By Keith Laing - 01/26/12 10:17 PM EST
Senate Environment and Public Works Committee Chairwoman Barbara BoxerBarbara BoxerFeds weigh whether carbon pollution should be measured in highway performance Juan Williams: Dems should not take Latinos for granted Reid faces Sanders supporters' fury at DNC MORE (D-Calif.) said Thursday that Transportation Secretary Ray LaHood has had a change of heart about the prospects of Congress passing a new federal highway bill this year.
LaHood was quoted in a Washington Post report earlier this week saying he believed "we’ll probably have to wait until next year to get to a surface transportation bill because of the huge differences."
"I called him and I think he feels a little differently now," Boxer said.
The original comments by LaHood, which were first reported after President Obama delivered the State of the Union address Tuesday night, showed the former Republican lawmaker was pessimistic that his onetime colleagues would approve a new highway bill in an election year. Lawmakers have debated a renewal of the Safe, Accountable, Flexible, Efficient Transportation Equity Act: A Legacy for Users, which expired in 2009, for the better part of two years.
While they debated, members of the House and Senate approved eight short-term extensions of the last highway bill, including the most recent extension, which passed last fall and is set to expire March 31.
LaHood told the newspaper he did not expect the debate on a multi-year bill to be resolved this year.
“Given the politics, the number of days that remain, the differences between what the Senate and the House are looking at, I think it’s very unlikely that we’ll have a surface transportation bill during this year,” he said.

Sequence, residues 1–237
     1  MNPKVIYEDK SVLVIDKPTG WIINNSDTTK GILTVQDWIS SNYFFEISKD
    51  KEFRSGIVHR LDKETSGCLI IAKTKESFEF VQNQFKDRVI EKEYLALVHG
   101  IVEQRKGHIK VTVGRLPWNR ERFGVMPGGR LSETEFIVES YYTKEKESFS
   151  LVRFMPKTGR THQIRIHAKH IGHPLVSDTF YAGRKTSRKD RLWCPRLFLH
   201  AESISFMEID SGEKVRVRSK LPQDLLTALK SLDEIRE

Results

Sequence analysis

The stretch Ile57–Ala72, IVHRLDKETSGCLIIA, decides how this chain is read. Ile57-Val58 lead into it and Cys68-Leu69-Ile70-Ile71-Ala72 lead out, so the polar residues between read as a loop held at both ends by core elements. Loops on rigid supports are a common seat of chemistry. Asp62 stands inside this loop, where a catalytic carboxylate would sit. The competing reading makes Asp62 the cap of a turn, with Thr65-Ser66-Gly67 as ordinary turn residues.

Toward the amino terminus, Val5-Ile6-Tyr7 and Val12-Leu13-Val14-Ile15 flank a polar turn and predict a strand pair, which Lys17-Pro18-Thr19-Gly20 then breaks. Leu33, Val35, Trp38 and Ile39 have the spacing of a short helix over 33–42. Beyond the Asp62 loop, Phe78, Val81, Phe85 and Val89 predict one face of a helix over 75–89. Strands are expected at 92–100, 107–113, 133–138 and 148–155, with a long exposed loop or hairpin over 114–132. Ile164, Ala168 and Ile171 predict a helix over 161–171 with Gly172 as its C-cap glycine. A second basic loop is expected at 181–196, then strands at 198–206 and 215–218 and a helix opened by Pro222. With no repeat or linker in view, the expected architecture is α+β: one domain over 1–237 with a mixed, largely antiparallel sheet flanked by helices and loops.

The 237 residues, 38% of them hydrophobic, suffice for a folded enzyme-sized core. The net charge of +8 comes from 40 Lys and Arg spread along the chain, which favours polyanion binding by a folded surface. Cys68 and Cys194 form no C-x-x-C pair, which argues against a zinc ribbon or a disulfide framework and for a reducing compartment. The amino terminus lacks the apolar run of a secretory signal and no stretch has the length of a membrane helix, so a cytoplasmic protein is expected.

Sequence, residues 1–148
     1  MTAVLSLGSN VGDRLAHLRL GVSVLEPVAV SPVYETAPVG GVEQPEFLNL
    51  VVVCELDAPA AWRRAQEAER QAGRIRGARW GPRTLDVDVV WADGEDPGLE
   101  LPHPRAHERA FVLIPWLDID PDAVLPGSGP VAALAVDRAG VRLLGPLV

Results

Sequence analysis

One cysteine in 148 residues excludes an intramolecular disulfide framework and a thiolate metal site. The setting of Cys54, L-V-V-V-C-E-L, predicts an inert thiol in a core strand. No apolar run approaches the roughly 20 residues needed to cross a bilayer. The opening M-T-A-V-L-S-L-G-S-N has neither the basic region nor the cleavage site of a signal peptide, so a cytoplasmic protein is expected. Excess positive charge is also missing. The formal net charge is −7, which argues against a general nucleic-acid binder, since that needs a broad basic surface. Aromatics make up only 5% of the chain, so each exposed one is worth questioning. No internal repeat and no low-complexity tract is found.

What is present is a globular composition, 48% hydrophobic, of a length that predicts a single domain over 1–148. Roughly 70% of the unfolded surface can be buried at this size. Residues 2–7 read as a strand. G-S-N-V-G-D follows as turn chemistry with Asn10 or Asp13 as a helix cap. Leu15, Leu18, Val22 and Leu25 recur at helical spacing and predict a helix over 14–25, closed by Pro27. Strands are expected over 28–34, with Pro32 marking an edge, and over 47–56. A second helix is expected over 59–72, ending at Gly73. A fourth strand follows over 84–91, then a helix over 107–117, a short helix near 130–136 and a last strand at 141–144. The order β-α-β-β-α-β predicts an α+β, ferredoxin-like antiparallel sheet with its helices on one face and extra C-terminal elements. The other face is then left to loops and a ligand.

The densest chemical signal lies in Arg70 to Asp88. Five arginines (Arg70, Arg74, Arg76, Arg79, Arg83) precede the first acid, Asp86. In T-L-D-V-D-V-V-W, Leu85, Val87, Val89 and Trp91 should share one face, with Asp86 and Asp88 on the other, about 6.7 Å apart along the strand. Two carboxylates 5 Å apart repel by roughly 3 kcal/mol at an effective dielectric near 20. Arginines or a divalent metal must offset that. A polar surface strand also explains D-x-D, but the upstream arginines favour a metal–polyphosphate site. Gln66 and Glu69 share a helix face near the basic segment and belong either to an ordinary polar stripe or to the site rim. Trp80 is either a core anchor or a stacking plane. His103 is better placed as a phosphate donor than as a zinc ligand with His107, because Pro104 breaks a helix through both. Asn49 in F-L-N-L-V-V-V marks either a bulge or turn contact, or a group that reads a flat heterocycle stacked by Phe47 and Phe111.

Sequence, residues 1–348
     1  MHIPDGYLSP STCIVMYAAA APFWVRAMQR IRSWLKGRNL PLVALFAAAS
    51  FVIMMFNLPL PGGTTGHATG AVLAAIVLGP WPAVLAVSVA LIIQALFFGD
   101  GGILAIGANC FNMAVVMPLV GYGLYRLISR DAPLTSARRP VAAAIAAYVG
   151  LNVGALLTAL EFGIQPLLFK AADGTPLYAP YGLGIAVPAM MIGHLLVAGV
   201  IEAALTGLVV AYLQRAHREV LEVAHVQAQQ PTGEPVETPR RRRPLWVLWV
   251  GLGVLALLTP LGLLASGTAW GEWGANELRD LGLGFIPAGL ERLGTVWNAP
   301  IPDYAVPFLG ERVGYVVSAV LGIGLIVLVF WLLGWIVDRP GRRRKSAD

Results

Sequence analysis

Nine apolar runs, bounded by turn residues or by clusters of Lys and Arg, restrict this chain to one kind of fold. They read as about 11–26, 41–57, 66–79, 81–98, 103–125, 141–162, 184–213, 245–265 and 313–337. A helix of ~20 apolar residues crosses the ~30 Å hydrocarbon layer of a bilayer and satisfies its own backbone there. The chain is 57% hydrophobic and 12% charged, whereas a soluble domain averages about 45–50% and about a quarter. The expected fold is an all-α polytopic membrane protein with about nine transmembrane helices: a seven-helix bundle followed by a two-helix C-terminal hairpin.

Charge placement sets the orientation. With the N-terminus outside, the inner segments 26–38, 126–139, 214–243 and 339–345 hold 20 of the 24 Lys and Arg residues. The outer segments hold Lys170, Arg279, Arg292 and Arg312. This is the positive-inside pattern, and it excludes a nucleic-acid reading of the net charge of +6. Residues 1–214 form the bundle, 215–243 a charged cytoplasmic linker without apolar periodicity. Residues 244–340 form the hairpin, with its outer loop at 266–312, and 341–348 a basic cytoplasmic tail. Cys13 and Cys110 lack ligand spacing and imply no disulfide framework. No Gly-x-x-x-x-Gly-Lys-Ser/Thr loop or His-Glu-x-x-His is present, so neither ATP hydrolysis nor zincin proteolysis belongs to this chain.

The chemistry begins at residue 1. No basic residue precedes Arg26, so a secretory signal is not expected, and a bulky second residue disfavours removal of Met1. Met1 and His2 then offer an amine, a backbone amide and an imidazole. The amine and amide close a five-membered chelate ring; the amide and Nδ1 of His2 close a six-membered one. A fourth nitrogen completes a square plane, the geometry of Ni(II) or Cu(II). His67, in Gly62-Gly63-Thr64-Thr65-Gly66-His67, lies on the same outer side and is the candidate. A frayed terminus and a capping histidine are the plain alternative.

Boxer said Thursday that LaHood was "concerned about the House approach, but he's very supportive of the bipartisan approach of the Senate."
The House said this week it would consider a five-year, $260 billion bill next week that ties highway spending to increase offshore oil drilling. The Democrat-controlled Senate has suggested passing instead a two-year, $109 billion surface transportation bill, and Obama called in the State of the Union for using money saved from reduced defense spending for road projects.
Boxer said of LaHood "of course he's concerned about the different approaches of the chambers."
But she expressed confidence lawmakers would come to a consensus before the deadline.
"We're really talking about 2.8 million jobs, and we intend to get this done," she said Thursday. "I think the important thing to say today is that there is great progress."
"There's something called a conference committee," Boxer also said, adding that she and House Transportation Chairman Rep. John Mica (R-Fla.) "get along very well."
For his part, LaHood said Thursday during an appearance at the Washington Auto Show that the original article on his opinion did not include everything he said about the highway bill.
"We’ve got the president, the chairman in the House, the chairman in the Senate all talking about a surface transportation bill," LaHood said Thursday. "Hallelujah! Maybe we’ll get a bill this year. I have my fingers crossed.
"None of that got in the story," he said of the Post article.
Meanwhile, Boxer said the Senate Finance and Banking committees would mark up the highway bill next week, and she pointed out the measure has already been approved by her committee.
The House Transportation and Infrastructure Committee has also said it would mark up the highway bill next week.
Both the House and Senate proposals for the new highway bill are far less than the six-year, $556 billion Obama called for spending on transportation last year.
— This post was updated with new information at 5:41 p.m.